At 12:28 PM -0700 8/3/07, johnwillkie wrote:
And, they produce those thousands of programs at a fraction of the quality of "This Olde House."
That's YOUR opinion.This Old House was a good program, but the quality is no better than most of the other home improvement shows on HGTV today. You can make an argument for Norm as a very good host.
As with any programming, you need a good story, good talent and good production values. ALL OF THIS is quite possible with the budget numbers i mentioned.
So, you're in favor of low quality programming over high-quality programming?
No I am in favor of programming that is interesting and useful to me. IMHO, so of the LOWEST quality programming on the air today is coming from the broadcast networks. The technical quality may be excellent, but that can't make up for the lack of a decent script, and the social engineering that has come to dominate many programs.
Has ER declined in quality over the years?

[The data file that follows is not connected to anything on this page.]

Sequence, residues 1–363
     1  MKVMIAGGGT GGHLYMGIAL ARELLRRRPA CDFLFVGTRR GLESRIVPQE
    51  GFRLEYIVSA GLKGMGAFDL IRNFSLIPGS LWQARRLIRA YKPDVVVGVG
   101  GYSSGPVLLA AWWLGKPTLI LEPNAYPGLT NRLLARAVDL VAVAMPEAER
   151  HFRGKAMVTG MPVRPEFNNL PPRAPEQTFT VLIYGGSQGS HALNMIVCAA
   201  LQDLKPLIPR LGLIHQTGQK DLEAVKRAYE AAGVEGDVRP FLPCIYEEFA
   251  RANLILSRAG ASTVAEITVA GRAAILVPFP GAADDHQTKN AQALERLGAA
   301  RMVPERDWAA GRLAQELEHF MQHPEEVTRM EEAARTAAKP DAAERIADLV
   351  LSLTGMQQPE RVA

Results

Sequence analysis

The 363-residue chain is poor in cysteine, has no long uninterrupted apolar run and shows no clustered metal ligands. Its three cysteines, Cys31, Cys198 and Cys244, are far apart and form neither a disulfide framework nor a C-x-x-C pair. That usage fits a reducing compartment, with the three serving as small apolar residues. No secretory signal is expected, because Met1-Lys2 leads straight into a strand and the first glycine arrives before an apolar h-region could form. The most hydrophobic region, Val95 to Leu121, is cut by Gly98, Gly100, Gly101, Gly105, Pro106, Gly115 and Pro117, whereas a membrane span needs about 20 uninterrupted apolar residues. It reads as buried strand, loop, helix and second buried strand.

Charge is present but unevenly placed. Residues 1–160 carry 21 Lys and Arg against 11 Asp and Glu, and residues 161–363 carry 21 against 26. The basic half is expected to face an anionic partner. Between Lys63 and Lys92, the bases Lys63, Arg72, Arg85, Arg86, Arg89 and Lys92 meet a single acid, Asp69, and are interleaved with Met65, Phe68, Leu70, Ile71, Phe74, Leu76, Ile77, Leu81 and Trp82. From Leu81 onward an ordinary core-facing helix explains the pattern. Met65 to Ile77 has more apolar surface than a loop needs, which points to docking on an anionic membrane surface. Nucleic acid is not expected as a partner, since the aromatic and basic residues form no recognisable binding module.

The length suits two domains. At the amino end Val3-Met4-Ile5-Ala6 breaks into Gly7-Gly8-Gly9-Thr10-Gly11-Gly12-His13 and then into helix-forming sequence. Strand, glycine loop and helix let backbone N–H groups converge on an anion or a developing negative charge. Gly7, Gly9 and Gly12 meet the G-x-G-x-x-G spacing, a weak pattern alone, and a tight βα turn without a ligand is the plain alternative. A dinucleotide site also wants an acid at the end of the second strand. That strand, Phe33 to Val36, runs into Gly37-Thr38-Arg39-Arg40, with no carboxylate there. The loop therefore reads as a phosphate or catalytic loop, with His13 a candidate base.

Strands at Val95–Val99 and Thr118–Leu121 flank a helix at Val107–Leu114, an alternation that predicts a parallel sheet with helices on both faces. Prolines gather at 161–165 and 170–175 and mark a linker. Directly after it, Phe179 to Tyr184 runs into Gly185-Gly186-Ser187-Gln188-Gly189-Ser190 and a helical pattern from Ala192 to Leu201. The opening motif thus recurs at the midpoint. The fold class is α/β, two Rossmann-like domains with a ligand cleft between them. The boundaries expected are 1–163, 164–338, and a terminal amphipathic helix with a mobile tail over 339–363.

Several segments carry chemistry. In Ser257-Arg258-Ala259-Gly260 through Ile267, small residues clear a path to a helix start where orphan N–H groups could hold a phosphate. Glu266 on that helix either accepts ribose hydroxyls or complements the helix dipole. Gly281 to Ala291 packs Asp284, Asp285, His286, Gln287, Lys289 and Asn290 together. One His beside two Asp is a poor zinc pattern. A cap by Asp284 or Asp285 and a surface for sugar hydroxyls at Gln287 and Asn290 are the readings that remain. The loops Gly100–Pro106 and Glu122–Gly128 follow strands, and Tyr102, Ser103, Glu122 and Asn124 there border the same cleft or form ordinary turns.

I couldn't tell you. I've only watched it a few times in all the years it has been on.
And, with network revenues flat or declining, and internal costs increasing, and their market share declining, did you expect them to INCREASE the price they pay for programming?
Yes.They have little control over the cost of talent. And the talent knows when they have the conglomerates by the short hairs, sucking out millions up front when they are milking a program that can still draw an audience.
As a result, the networks are airing only a fraction of the dramas and sitcoms that once dominated their schedules. They have filled in the holes with a bunch of junk, most of which is produced in-house to control costs. Look at the number of hours filled with news magazines and cheap reality shows. It seems that you may still be living in the "Golden Age of Television," John.Unfortunately those days are long gone.
If you took ALL of the good shows that are offered by the networks today you would still not have enough stuff to program one network.
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